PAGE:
Friday, November 21, 2008

Depression and all that jazz

One reason I run, do yoga, pilates and lift a few weights is to escape depression. I firmly believe that if I take care of my body my mind will follow.
I'm told that we're in the midst of the worse financial crisis since the Great Depression that my dad experienced in the 30s.
Well I know I have it a lot better than my dad did and maybe we will end up in some weird depression but I can't imagine anything worse than what my father experienced.
My boss at work asked me to write a witness piece about my dad's experience and I did that and here it is.

Maybe I'll lose my job and have to run for a living?
Oh well, it could be worse, I actually enjoy running and none of my running buddies have ever asked me for any money so I have to say I've got it made.

WITNESS-This is no depression like that one
By Sam Nelson
CHICAGO,xxx (Reuters) - The country was in the throes of the Great Depression. It was a time of upheavel, of personal challenges and a test of the nation's mettle.
It was under these circumstances that dad, Clarence John Nelson, better known as Bud, decided to leave Scandia, Kansas, for a job in Chicago.
It was 1936, he was 19 years old, without a job and getting desperate.
Kansas farm life was in shambles because the deteriorating economy made worse year after year of dry weather that turned the sunflower state into part of the Dust Bowl.
Bud was recommended for employment at the Homestead Hotel in Evanston, Illinois, by the pastor of the Swedish United Methodist Church in Scandia. "Gosh I remember in the thirties, going up there to work at Evanston (a Chicago suburb), at the Homestead Hotel washing dishes, we didn't have a darned thing and there weren't any jobs, so away I went...took a bus," he told me recently.
Dad is 92 years old now, living in Kansas and looking at the country going through another period of financial chaos that is being referred to as the second Great Depression.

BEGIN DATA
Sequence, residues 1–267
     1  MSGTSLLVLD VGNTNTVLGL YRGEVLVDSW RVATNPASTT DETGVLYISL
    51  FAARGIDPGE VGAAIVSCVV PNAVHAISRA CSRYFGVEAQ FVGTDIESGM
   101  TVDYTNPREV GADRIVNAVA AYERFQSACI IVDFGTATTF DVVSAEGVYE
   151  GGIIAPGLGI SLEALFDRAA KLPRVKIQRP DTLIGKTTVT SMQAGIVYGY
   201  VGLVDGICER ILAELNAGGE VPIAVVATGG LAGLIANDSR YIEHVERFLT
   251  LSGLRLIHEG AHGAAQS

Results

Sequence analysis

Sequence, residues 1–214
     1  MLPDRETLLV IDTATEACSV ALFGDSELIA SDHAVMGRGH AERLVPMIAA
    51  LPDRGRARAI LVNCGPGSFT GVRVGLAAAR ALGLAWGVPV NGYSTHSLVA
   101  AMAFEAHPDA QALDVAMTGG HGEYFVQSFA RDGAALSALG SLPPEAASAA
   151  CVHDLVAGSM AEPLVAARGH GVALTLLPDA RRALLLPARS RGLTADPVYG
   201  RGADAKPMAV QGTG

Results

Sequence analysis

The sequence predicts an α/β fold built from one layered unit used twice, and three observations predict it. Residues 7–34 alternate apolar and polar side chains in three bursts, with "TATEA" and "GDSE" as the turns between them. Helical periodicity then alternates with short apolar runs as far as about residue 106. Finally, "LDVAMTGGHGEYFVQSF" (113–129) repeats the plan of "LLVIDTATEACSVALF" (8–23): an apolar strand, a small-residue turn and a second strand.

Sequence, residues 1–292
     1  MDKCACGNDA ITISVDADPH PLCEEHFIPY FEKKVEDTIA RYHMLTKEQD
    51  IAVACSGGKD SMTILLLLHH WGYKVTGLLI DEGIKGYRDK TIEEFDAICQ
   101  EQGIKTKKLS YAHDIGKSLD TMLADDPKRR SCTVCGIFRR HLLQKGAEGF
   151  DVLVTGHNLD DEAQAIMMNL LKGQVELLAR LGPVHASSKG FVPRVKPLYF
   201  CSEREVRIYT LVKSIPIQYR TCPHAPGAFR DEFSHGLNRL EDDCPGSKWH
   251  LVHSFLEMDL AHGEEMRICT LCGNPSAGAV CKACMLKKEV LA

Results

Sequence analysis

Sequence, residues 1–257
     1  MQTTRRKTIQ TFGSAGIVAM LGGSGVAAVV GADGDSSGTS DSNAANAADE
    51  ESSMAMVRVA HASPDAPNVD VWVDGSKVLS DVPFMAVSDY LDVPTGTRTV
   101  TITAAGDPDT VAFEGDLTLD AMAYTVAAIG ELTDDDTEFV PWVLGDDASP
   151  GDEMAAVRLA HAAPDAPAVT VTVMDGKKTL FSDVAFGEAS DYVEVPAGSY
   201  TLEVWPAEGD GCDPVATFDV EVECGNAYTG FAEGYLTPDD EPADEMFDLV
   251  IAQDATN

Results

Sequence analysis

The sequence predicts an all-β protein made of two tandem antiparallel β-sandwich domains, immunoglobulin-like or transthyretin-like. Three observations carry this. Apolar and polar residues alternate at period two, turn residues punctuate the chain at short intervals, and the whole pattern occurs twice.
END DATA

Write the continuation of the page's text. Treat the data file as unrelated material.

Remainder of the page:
This time around, he's doing it from the confines of my sister's home, where he has lived after his wife and my mother passed away in 2005.
But memories of the 'first' Great Depression remain etched in his mind, especially those six months in Evanston.
"I'll never forget one time I took the L (train) downtown (Chicago) and some guy tried to get me in a store and sell me a suit, so I got scared and took the L back to Evanston," he said.
Built in 1927, the Homestead Hotel still stands in Evanston. And like many businesses today struggling with the financial and economic turmoil, the hotel went through a few challenges of its own back then, according to its website
"After the 1929 stock market crash, the inn carried debt from being built when land and materials were at a premium," the website said. But owners -- Philip A. Danielson and wife Ruby Larson -- were able to keep it from falling into the hands of its creditors.
Dad's heading to Evanston and working at the Homstead Hotel, apart from getting paid, had a second objective -- to be able to earn enough money to be able to attend college.
But those plans went awry as he began missing home about six months into the job.
"The idea was I'd work and go to school but there wasn't anytime for school," he said.
"Mom wrote me a letter in the spring and talked about planting garden and I got so darned homesick. I just quit, took the bus back home," he added.
Dad found out quickly that there were no jobs in Kansas, but he got lucky.
"There still wasn't any work around here. Farming was no good, but I was lucky and got a job as an oiler on a dragline.
"They were going to dredge and straighten out the river, but that was another scam because that river had a mind of it's own," he said. "When that job ended they asked me to go to South America with them for some other job.
"But I met your mom here, she was teaching school and we started farming, boy it was one had a damned thing," he added.
"I've often wondered what would have happened if I would have stayed there in Chicago."

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Samuel Nelson
Reuters News